2020 Primary Election Debrief

Tuesday's primary broke records, with more than 1.5 million people casting ballots. By contrast, fewer than 1 million people voted in the 2018 state primaries.

What accounts for the difference? A hotly contested Senate race drove turnout for sure. But a major driver was the expansion of vote-by-mail and early voting, which alerted more people to the fact that an election was even happening and made it easier for them to participate. As the next legislative session nears, it will be important to make these reforms not just a pandemic-induced one-off but a part of how we do elections in Massachusetts.

Another major winner on Tuesday? Senator Ed Markey. Markey's campaign was able to clearly communicate his history of delivering for Massachusetts and leading on progressive policy (especially on climate action), and he was able to combine support from party regulars with energized youth activists who combined a spirited online presence with a commitment to organizing and mobilizing voters of all ages. When Congressman Joe Kennedy first announced, early polls showed him leading: on Tuesday, Markey won 55.4% to 44.6%, a double-digit win. Kudos to all involved.

While high turnout should always be celebrated, it may have made an uphill battle even steeper for Congressional primary challengers, as countless voters may have cast their ballots before the challengers' had the chance to make contact with them (or may have never even been in an expected voter universe). Despite this and the myriad of challenges posed by COVID, Holyoke mayor Alex Morse was able to pull 41.2% of the vote against Congressman Richard Neal, and physician Robbie Goldstein 33.3% of the vote against Congressman Stephen Lynch. We're excited for their political futures and hope that Neal and Lynch realize that they're on watch.

 

So How about the State Senate?

In the Springfield-based Hampden district, progressive Springfield City Councilor Adam Gomez defeated centrist incumbent Jim Welch 52.5% - 47.5%, adding another progressive voice to the MA Senate and increasing the size of the Senate Black & Latino Caucus.

Disappointingly, over in the southern suburbs and exurbs of Boston, progressive challenger Jarred Rose lost to conservative incumbent Walter Timilty 68.1% to 31.9%. A clear sign of the turnout jump from this year? Jarred Rose got 11,637 votes; in 2018's uncontested race, Timilty got just 1,000 more total votes than that. More than twice as many ballots were cast as were in the contested open race for this seat in 2016.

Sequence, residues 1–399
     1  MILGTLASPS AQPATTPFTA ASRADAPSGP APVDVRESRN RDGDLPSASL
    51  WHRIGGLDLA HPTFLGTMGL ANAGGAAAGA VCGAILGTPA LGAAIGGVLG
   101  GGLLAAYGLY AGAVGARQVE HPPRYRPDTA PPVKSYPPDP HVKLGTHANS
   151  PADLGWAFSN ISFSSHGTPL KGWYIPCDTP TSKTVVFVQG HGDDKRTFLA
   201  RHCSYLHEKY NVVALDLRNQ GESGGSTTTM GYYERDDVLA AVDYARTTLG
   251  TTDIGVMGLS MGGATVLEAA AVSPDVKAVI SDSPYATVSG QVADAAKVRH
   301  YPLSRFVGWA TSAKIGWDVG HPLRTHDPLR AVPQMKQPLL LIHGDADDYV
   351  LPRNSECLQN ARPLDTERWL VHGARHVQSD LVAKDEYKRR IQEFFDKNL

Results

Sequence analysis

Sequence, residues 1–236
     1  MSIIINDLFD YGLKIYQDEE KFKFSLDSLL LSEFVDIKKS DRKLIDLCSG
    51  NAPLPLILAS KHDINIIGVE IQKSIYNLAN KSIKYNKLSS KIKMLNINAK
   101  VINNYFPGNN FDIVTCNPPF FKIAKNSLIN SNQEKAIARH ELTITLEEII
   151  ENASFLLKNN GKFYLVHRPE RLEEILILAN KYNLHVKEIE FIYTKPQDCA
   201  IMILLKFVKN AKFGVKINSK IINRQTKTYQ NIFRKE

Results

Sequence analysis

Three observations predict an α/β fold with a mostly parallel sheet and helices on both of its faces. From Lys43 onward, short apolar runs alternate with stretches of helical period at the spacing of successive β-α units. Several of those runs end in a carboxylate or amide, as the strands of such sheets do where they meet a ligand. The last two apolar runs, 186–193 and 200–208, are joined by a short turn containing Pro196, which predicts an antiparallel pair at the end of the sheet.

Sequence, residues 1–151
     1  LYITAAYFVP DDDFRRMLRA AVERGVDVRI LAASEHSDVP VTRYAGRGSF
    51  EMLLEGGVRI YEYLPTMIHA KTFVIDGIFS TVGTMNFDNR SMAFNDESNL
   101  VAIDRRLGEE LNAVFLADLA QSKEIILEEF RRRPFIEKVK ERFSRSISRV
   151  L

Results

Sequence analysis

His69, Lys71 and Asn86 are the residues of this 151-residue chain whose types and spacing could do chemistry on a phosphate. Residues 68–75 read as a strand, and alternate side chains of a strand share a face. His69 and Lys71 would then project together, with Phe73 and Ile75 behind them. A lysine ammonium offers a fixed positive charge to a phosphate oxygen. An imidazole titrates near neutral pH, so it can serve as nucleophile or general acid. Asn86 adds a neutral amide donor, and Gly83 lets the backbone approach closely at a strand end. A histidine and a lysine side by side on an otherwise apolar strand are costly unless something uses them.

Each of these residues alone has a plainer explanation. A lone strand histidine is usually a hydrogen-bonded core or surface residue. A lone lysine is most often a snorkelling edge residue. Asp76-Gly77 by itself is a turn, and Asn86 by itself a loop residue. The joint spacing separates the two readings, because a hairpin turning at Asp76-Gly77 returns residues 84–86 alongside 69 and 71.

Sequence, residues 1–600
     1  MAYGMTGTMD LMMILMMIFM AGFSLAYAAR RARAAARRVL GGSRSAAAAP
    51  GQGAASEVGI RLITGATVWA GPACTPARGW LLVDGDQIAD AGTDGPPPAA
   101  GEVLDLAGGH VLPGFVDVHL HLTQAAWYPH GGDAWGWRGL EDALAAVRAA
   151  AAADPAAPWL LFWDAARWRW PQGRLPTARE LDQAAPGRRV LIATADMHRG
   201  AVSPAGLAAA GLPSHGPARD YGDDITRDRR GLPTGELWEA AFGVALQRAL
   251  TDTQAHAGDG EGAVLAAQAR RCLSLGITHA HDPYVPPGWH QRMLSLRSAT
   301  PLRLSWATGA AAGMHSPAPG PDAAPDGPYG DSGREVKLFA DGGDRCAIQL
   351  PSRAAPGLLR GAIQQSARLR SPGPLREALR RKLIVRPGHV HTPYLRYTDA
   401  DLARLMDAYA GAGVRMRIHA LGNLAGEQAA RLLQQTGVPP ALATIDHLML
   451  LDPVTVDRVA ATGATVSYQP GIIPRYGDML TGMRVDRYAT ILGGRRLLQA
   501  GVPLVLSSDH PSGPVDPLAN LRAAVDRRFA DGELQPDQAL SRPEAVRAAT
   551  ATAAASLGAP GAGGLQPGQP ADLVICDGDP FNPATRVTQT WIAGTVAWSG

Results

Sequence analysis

So How about the State House?

Three of our endorsees --Steve Owens, Orlando Ramos, and Erika Uyterhoeven -- won in their open primaries to replace Representatives Jon Hecht, Joe Tosado, and Denise Provost, respectively. All three had strong voter outreach operations and clear messages.

Other candidates -- whether running in open seats or against incumbents -- were not so lucky, although some came extremely close. Given challenges they faced -- the inability to run as aggressive of a field operation due to the pandemic, huge spikes in turnout learned about too late to adjust, and a wave of outside spending from allies of Charlie Baker and Bob DeLeo --they all did respectably, and we look forward to what comes next for all of them. They were fighting for progressive policy change before they started running, and we know they will continue to do so -- and have inspired more people to join because of their campaigns.

 

Orlando Ramos (9th Hampden): WON 47.0% - 39.1% Hurst - 14.0% Mullan [Won by 552 votes]

Marianela Rivera (17th Essex): LOST 64.4% - 35.5% 

Lisa Arnold (17th Middlesex): LOST --  43.8% Howard (WON) - 32.1% Nangle (incumbent) - 24.1% Arnold 

Erika Uyerhoeven (27th Middlesex): WON -- Uyterhoeven 62% - Sharp 38% 

Steve Owens (29th Middlesex): WON -- Owens 59.65% - Sideris 22.95% - Ciccarelli 17.4% 

Andrew Flowers (8th Norfolk): LOST -- Philips 51.7% - Flowers 48.3% [lost by 342 votes] 

Damali Vidot (2nd Suffolk): LOST -- Ryan 57.6% - Vidot 42.4% 

Gretchen Van Ness (14th Suffolk): LOST  -- Consalvo 53.4% - GVN 32.1% - Duckens 14.5% 

Joe Gravellese (16th Suffolk): LOST -- Giannino 61.45% - Gravellese 38.55% 

Jordan Meehan (17th Suffolk): LOST 54.2% Honan - 45.8% Meehan [lost by 662 votes]

Ceylan Rowe (12th Worcester): LOST -- Kilcoyne 51.4% - Rowe 28.2% - Turner 20.2% 

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published this page in On the Newsstand 2020-09-05 21:01:20 -0400
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